The shooting rampage that took the lives of 17 people and injured 14 more in Parkland, Fla., is putting a spotlight on the difficulties for school districts to treat students with mental health issues.
Only 25 percent of students in need get access to comprehensive mental health services. Due to lack of resources, it makes it difficult for counselors to track students who may need help.
Lurie Children’s Hospital Pediatric Psychologist, Colleen Cicchetti said the reality is that resources are thin when it comes to students access to comprehensive and sustained mental health services--services that could have identified the suspected Florida shooter, Nikolas Cruz.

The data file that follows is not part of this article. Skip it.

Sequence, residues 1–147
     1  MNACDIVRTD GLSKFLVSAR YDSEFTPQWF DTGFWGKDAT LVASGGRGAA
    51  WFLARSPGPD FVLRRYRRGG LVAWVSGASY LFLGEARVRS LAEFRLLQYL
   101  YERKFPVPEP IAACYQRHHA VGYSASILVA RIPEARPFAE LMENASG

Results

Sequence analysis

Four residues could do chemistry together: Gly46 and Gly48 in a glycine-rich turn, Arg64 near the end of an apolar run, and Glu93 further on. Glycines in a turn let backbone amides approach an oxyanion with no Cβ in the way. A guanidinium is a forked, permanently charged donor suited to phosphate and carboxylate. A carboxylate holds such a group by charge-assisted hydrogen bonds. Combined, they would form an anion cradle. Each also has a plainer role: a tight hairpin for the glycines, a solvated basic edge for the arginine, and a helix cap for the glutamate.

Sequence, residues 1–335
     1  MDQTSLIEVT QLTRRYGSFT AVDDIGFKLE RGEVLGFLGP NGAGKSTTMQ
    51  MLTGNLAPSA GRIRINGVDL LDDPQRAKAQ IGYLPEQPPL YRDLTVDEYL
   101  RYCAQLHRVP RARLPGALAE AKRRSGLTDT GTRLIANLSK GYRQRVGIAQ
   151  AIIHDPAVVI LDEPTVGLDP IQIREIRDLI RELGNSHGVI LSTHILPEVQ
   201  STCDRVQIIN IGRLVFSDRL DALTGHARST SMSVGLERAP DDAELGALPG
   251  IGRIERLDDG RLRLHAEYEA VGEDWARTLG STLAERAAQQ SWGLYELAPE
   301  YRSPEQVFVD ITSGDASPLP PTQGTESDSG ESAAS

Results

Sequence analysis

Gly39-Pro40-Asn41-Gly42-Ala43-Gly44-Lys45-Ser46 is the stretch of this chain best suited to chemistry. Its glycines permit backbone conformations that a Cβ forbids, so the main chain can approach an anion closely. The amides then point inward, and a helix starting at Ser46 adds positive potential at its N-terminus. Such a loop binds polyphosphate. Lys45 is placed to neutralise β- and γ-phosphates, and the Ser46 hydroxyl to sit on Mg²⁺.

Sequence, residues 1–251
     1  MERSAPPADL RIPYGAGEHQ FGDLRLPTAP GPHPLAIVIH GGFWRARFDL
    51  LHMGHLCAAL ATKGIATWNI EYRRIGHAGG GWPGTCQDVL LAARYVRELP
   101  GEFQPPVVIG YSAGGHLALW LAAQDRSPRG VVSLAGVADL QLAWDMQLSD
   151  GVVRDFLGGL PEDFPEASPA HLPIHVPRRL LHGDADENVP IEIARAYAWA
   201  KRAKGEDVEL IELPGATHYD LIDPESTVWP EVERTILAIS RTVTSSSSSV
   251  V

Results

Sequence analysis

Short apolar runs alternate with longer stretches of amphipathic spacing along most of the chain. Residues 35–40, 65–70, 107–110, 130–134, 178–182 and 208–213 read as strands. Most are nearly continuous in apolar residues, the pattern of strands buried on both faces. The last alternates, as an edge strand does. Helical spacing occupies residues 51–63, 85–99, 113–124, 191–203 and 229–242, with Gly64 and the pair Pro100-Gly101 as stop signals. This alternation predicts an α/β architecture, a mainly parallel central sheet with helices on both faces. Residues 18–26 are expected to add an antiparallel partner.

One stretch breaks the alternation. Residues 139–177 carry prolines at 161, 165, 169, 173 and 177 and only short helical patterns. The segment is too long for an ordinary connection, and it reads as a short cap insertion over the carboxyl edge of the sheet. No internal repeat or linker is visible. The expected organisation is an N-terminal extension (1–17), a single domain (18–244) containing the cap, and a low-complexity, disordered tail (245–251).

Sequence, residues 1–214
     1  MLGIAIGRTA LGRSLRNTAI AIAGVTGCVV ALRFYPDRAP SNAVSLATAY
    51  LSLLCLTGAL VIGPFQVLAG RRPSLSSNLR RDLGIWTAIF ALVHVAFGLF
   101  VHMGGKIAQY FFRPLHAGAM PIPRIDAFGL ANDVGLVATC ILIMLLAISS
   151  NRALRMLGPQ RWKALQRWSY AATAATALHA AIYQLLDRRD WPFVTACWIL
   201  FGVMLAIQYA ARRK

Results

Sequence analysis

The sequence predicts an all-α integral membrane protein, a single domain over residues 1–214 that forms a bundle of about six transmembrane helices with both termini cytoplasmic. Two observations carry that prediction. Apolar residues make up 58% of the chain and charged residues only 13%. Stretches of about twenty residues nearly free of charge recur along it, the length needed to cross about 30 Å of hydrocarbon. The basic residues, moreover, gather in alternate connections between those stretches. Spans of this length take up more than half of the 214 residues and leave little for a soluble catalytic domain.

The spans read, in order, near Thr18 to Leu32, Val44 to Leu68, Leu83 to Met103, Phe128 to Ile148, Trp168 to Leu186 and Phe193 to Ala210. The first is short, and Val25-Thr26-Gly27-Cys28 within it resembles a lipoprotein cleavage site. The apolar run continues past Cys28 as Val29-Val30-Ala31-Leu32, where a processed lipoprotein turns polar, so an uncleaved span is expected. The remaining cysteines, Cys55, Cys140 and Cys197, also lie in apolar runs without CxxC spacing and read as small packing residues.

“In all likelihood a child who was in trouble, pulling fire alarms and being kicked out of school, would’ve been known to the school and they probably working really hard to get him help," Cicchetti said.
But clearly the efforts fell short. Without the ability to track expelled students like Cruz once they leave the school campus, counselors have a difficult time making assessments.
The former agent in charge of the Secret Service National Threat Assessment Center is now with Chicago’s Hillard Heintze security consultants said comprehensive strategies with mental health services are critical.
“Untreated mental illness is very critical these days. Most mentally ill people in this country are law-abiding citizens, of course. But when you have behaviors of concern, someone that’s intimating a targeted act of violence, a court ordered mental health treatment has the potential to save lives," Matt Doherty said.
A court order could allow officials to go in and remove guns and get the troubled individual the help they need.